Pumpkin Seed Saga

When I saw that the local grocery store was now selling pumpkin seeds, I was thrilled. Since I try to keep processed foods to a minimum and don’t eat bagged snacks, I’m always on the lookout for finger foods. I tossed a couple of the packages of pumpkin seeds into my cart. Then, belatedly realizing I hadn’t read the label, I scooped up a bag and read the small print. I was utterly shocked to see that, although the label said they met USDA standards, they actually came from China.

I have a real problem with China imports for various reasons I don’t want to get into here, but so often products of all quality come from China. I discovered that years ago when I tried to find sheets not made in China. Thinking that perhaps I was going too cheap, I went to a boutique linen shop. Their products, too, were made in China.

My solution? To buy only what I absolutely need.

I hadn’t realized how much the Chinese influence had flowed into the food market. I recently found out that at one time (and perhaps to this day) they exported honey that was diluted with a honey-flavored syrup that was so cheap it about destroyed the US honey industry. Dollar stores, too, sell food made in China. I can’t help but think what sort of food is being exported when China is such a huge country with a huge population to feed. Though I suppose the same could be said of the USA.

Although I might be forced to buy China-made goods occasionally, I will never eat China-grown food. Reluctantly (because I really did want those pumpkin seeds even though they looked smaller than the ones I used to get), I put the pumpkin seeds back on the shelf.

The company I buy supplements from has begun to sell pumpkin seeds, so I waited until I needed to place an order, then added the pumpkin seeds to the cart. Although the brand of seeds they sell proudly announced they were an American company selling American products, in the small print in the product information on their website (though not on the package), they admit their pumpkin seeds were grown in China. They hastened to add that they were grown to USA standards, but still, they were not grown on USA soil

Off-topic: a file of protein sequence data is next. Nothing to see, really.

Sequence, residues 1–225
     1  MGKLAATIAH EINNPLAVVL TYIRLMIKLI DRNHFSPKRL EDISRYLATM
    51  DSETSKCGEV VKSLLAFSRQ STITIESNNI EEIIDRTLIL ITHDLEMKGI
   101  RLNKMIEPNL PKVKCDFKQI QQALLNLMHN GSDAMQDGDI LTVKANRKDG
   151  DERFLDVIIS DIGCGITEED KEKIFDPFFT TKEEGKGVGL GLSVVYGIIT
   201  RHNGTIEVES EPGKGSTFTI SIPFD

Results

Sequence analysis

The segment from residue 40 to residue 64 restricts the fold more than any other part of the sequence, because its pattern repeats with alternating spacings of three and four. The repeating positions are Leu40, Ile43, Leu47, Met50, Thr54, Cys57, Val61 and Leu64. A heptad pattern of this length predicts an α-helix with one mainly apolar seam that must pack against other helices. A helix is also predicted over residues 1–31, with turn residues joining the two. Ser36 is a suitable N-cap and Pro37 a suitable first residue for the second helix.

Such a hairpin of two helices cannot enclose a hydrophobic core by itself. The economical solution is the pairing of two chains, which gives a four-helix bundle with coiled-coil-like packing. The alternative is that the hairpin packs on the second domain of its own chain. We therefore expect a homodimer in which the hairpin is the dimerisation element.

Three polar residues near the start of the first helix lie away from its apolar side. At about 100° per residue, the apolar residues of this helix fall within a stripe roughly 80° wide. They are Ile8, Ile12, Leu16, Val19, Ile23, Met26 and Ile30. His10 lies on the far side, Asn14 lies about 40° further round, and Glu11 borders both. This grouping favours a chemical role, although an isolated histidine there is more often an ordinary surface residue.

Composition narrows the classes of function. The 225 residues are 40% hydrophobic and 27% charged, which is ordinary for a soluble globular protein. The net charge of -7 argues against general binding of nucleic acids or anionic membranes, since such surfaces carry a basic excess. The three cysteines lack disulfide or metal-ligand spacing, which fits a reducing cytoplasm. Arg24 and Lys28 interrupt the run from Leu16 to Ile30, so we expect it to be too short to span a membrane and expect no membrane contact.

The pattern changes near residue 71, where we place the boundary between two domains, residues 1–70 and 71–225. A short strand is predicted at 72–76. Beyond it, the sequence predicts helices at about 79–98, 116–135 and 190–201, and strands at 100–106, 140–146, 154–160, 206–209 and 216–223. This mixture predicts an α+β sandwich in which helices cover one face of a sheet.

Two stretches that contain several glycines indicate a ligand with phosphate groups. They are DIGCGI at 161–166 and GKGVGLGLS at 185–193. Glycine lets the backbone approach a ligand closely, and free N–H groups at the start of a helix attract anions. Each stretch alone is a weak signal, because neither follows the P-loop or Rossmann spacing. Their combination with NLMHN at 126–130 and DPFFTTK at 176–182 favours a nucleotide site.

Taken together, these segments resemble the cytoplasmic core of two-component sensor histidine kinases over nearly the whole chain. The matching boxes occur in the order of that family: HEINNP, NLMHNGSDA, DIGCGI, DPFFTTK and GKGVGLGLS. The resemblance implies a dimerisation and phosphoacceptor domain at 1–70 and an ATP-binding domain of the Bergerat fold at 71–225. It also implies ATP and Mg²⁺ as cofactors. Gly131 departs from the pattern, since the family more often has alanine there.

Other seeds advertised as American-grown come from Mexico, but that label, though misleading, at least is true. Mexico is part of North America.

I did finally find some pumpkin seeds grown in the USA, and I ordered them. They are five times the cost of the China seeds and about twice the cost of Mexican seeds (apparently, a major factor in the price of pumpkin seeds is the hulling, which is why cheap labor is so important), but as always, you have to pay for having principles and standards.


What if God decided S/He didn’t like how the world turned out, and turned it over to a development company from the planet Xerxes for re-creation? Would you survive? Could you survive?

A fun book for not-so-fun times

3 Responses to “Pumpkin Seed Saga”

  1. Uthayanan Says:

    Please buy an organic pumpkin produced in USA or near by your town and make your seeds. It is very easy to prepare. If you have an interest and time. Luckily in France it is easy to avoid completely Chinese food products. I buy only what I absolutely need any food products from far away. Another reason ecological.

  2. Malene Says:

    Preach sister! I’m right there with you 🙂

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